A corridor built in 1966 that grants access to Montreal’s Place des Arts will be more accessible thanks to a $ 4.2 million grant from the Quebec government.
The corridor, which will be the subject of major works, connects the complex to Place des Arts metro station. A staircase will first be demolished, then a long replacement ramp with a gentle slope will be built along the entire length of the 50-metre corridor.
Just over three-quarters of the amount will go to renovate the structure. The rest will be used to refresh the corridor.
The renovation, which was announced on Sunday, will make it easier for people with reduced mobility to access the six rooms and other spaces of the complex.
“Often, we talk about access to culture in the sense of offering the chance to all Montrealers and all Quebecers to appropriate it, (…) but today we are talking about access in its most essential sense: that of access to culture for all,” said Chantal Rouleau, the provincial minister responsible for the metropolis of Montreal.
Nearly 80 people ask for help each evening to get to the halls, according to Place des Arts. Some are in wheelchairs, others equipped with a walker or a cane, and some are blind.
The work is expensive because it affects Place des Arts building, said Nathalie Roy, minister of culture and communications.
“Every penny will be justified,” Roy said.
“Place des Arts is under the jurisdiction of the Ministry of Culture so we must set an example. We are in 2020. We must make it accessible.”
The places for people with limited physical capacity at Place des Arts are currently underused. Only 500 of them are occupied each year when it could be 16 times higher.
According to the minister, this work will prevent people with disabilities from missing out on cultural shows.
“It’s a right,” she said.
The announcement of this renovation delighted Laurence Parent, a board member with the Société de Transport de Montreal (STM) who has made it her mission to be the voice of Montrealers with disabilities.
People with reduced mobility have a lot of difficulty navigating the City and its metro system, according to Parent. Which can make daily tasks a nightmare.
“It’s not possible right now, there’s just no access using the metro,” said Parent. “Well, the closest [accessible] station is at Place D’Armes. I came using the metro this morning so I got off at Place D’Armes and then I had to wheel on St-Urbain.”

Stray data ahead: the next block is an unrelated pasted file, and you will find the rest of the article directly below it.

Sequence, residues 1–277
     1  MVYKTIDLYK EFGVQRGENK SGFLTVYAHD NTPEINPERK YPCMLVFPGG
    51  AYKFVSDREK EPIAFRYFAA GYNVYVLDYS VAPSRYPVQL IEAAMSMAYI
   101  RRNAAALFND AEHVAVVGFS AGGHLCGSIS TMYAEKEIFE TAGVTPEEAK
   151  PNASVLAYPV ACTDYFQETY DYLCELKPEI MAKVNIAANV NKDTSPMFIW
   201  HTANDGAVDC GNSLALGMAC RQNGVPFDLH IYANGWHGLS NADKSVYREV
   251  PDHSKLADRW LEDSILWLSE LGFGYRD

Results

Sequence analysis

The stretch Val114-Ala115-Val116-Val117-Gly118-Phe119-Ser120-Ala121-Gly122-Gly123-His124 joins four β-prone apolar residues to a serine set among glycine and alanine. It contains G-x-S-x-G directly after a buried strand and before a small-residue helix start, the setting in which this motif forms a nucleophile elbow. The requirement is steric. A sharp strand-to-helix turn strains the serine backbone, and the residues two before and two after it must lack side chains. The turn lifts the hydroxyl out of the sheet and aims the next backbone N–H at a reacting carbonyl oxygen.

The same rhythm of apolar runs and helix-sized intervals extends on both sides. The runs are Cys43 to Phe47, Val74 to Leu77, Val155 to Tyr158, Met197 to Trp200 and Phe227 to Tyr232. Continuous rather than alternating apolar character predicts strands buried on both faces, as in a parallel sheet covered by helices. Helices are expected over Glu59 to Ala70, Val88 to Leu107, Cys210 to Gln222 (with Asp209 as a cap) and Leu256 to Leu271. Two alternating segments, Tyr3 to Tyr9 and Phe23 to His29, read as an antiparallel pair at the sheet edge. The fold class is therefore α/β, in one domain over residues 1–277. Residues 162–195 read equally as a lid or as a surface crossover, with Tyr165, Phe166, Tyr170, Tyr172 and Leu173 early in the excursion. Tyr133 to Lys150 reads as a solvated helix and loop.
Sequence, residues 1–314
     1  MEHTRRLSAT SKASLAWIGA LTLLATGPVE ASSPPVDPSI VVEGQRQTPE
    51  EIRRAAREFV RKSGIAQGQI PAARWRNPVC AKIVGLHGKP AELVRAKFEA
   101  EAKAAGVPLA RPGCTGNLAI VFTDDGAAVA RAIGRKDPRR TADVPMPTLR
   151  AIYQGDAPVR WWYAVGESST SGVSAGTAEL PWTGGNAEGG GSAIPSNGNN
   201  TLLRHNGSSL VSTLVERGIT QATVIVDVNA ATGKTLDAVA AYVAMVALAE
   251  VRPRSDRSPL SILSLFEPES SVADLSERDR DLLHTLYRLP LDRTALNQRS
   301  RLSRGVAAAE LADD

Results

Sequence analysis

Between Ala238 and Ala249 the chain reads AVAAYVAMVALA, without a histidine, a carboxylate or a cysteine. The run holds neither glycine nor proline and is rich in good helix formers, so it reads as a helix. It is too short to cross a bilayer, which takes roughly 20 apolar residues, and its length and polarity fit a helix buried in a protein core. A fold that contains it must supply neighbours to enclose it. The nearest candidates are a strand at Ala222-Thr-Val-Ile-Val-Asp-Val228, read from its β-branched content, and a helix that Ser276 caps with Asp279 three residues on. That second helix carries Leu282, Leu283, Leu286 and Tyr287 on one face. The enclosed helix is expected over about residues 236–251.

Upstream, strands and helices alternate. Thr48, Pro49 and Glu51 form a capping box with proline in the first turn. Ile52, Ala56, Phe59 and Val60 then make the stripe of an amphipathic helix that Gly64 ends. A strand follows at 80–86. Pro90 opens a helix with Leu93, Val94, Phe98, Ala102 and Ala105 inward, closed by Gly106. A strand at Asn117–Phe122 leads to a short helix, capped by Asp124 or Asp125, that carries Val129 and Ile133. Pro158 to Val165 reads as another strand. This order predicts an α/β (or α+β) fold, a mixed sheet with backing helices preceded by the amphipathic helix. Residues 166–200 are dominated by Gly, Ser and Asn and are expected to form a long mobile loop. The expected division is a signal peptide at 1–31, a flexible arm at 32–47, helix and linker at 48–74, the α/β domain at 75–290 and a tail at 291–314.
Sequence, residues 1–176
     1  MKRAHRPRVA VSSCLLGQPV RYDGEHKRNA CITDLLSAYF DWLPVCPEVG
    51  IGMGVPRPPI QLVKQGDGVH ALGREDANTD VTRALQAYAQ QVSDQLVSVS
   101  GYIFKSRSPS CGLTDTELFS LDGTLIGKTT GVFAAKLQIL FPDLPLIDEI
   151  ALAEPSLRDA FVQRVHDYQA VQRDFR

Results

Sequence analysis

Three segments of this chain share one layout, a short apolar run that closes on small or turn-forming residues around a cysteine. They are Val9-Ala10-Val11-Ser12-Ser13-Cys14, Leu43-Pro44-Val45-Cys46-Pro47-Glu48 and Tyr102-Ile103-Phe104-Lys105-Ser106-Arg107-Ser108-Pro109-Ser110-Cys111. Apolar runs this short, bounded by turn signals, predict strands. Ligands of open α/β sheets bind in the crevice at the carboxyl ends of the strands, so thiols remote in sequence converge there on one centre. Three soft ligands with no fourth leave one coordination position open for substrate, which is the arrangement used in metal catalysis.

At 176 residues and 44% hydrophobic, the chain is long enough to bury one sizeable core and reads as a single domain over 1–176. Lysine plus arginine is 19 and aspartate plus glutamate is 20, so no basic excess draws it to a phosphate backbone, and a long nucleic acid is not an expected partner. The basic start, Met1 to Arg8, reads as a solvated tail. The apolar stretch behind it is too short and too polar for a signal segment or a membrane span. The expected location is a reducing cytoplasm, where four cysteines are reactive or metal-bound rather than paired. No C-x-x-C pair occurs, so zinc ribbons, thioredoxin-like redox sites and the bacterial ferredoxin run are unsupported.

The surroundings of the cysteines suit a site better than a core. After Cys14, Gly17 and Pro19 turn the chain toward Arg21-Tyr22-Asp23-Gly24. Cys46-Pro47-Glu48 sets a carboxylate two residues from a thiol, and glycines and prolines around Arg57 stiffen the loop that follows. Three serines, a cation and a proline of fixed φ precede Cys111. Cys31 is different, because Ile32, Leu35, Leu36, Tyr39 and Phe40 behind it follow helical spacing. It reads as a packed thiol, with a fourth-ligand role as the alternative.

“(I) think it’s really good that we have access for everybody, even for disabled people,” said STM user Philippe Ducros.
The Société de Transport de Montreal has gotten a lot of backlash in recent years for its lack of accessibility but some are hopeful.
“I feel it’s a priority but you know public transit is a huge issue in Montreal,” said Parent. “There are many things that need to be done so, of course, we have to make sure that it’s gonna stay a priority.”
Some, on the other hand, think the investment comes at a hefty price.
“I think that’s a lot of money and there’s a lot of topics that need of lot of money like culture like the First Nations and I’m wondering if that amount could be spent in a better way,” said Ducros. “I think that’s a very flashy investment.”
But for Parent, this could be a stepping stone to the way people think about disabilities and their need for accessibility.
“It’s important to have culture accessible so that people you know its not just we think about people as spectators but people can also be artists,” said Parent.
The start of works is scheduled for April 2021 and the corridor should reopen in March 2022. The project has been entrusted
to the company Atelier TAG. The work will be linked with that of the Société de transport de Montréal.
— With files from The Canadian Press
© 2020 The Canadian Press